• Global Viewmodel Collection: Refers to a globally-available Viewmodel that can be used by any widget in your project.
  • Property Path: At initialization, execute a function to find the Viewmodel. The Viewmodel Property Path uses member names separated by periods.
  • Resolver: An object with a function in charge of providing the Viewmodel. (This is not documented, but it looks pretty simple)

For our example, we will pick manual and let the HUD actor do the linking…

In our HUD actor, we create our ViewModel instance and store it.
We also have a function for when the user clicks a tower in the world (this isn’t handled by our View since we are clicking a 3D mesh in the level and not a Widget Button)

That Initialize Function is not usually part of a ViewModel… We will look at it in just a second… but now, we need to feed this ViewModel into the Widget

Simply creating the Widget asks for the VM Tower Upgrade reference, since we set it to manual creation.

How do you connect the ViewModel to the rest of the game?

We have two ways of changing a ViewModel:

  • Event Driven: The ViewModel listens for events in the Game.
  • Direct: The game finds the ViewModel and punches it into shape.

I prefer the Event Driven approach but from time to time we need to do a good ol’ punching.

Let’s look again at how we create our ViewModel:

Initialize and Select New Tower are not part of the default viewmodel but are what I use to connect all my events.

  • Initialize is used to feed Game objects into the viewmodel so it can subscribe to events
  • Select New Tower is my way of punching the viewmodel and letting him know that the tower is now completely different.

Let’s see how I made those

Initialize is simple, I just store a ref for the Shop, so I can ask for information (mostly because the Shop isn’t a Subsystem, thus I don’t have a good way of getting a ref) and I use the player to subscribe to the coins changed event. I use this event to update my local coin variable which in turn broadcasts the change to the UI.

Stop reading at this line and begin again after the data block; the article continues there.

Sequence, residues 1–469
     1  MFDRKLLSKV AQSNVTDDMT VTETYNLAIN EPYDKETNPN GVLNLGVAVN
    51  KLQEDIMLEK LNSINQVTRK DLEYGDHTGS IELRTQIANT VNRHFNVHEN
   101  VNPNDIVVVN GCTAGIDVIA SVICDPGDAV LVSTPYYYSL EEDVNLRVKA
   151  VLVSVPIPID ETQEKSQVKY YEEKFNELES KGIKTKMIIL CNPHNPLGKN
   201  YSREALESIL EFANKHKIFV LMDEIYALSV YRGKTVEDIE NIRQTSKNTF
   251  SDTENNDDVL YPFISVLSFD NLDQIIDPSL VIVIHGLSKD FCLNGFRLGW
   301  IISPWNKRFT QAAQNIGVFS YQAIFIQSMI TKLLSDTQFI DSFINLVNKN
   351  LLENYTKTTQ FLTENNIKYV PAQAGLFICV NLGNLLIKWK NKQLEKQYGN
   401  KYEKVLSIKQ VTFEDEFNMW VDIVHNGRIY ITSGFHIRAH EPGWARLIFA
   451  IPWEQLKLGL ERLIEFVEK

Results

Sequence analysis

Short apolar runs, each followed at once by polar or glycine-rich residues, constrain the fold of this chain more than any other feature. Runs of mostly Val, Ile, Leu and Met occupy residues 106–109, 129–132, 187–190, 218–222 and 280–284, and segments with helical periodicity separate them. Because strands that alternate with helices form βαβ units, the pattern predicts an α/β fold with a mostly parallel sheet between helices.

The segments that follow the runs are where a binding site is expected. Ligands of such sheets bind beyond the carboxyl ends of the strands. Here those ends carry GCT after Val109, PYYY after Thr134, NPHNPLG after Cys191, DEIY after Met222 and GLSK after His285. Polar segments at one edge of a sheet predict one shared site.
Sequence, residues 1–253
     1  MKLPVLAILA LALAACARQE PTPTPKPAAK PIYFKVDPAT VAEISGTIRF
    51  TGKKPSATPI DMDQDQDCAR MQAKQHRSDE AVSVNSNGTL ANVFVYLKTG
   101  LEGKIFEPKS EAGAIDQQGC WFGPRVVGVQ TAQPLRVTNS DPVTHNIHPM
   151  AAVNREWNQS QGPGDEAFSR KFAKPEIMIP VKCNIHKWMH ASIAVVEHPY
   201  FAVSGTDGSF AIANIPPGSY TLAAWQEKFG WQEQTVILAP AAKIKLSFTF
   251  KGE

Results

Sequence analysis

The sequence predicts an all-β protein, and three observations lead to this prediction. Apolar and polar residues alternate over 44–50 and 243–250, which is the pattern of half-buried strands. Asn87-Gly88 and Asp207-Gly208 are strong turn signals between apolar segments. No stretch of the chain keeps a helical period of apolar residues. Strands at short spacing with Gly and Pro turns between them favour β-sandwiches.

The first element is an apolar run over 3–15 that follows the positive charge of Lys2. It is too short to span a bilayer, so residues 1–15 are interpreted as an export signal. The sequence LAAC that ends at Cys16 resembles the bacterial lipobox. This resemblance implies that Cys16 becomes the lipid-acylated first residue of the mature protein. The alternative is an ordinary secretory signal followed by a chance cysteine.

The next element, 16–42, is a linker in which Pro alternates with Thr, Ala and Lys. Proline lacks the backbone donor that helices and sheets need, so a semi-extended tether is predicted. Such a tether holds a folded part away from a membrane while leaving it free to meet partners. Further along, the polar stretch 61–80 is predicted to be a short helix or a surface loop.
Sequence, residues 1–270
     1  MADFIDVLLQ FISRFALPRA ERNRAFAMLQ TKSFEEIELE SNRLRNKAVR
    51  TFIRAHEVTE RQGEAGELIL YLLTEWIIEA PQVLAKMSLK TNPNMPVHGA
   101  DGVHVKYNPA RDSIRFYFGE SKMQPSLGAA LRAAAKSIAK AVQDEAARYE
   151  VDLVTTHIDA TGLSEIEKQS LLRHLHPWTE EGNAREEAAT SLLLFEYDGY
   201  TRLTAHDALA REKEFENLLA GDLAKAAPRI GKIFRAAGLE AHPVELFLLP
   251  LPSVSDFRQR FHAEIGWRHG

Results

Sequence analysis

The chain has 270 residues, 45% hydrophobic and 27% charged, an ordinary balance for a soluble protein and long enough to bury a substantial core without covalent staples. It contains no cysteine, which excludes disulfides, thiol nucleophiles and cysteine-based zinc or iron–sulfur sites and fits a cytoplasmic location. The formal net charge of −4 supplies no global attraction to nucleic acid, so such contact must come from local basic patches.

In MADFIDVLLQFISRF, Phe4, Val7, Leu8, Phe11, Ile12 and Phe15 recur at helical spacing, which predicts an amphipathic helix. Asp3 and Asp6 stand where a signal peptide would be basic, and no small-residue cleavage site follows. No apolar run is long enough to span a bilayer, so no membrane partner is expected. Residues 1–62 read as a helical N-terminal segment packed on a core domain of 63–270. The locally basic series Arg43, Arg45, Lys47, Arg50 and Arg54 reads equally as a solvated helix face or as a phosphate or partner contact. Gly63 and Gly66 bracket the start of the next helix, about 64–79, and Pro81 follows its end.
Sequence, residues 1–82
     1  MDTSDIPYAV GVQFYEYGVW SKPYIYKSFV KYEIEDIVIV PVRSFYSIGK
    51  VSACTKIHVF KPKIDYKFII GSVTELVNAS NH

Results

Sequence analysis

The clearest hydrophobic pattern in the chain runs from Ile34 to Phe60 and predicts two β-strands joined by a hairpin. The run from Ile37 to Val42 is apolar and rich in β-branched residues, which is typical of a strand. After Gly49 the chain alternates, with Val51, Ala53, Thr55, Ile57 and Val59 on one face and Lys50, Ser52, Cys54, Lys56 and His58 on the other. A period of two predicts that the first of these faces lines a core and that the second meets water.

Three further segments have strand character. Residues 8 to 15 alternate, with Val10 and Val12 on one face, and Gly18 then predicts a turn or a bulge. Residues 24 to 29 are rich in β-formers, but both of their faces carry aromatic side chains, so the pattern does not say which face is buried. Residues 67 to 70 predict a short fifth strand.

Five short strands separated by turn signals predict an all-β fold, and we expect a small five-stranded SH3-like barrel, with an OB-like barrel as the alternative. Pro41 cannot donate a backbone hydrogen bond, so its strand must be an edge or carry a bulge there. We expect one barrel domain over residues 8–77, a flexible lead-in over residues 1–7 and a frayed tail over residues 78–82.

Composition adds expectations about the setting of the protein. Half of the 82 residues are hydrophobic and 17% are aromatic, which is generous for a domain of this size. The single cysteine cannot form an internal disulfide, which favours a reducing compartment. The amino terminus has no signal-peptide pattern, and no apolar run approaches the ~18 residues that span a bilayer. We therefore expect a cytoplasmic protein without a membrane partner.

Select New Tower is trickier: I want to listen for the “Tower Changed” event that will fire when a tower gets upgraded, but I need to listen to the right tower (since there might be more than one in the world.)

So when the “Select new tower” event gets punched externally, I unsuscribe from the previously selected tower (if any) and subscribe to the new tower.

But what do I subscribe? Well I fire the same event as if the entire tower had changed. We can manually fire “Pretend this value changed and update everything” events by using the “Broadcast Field Value Changed”.

So, in this case, when the tower gets upgraded we tell our viewmodel “Pretend we just selected an entire new tower and update whatever is needed”.

We are done!

And there it is, we defined MVVM, we made a theoretical example, and we implemented it on Unreal Engine!

But where is the tower defense game? I wanna play it!

Oh, you silly voice in my head, there never was a tower defense game!

Thanks for making it to the end, and I hope you learned something!

As always, all my drawings are made using excalidraw and the PNG itself are editable, or you can download my project file here

Special thanks to everyone at BenUI’s Discord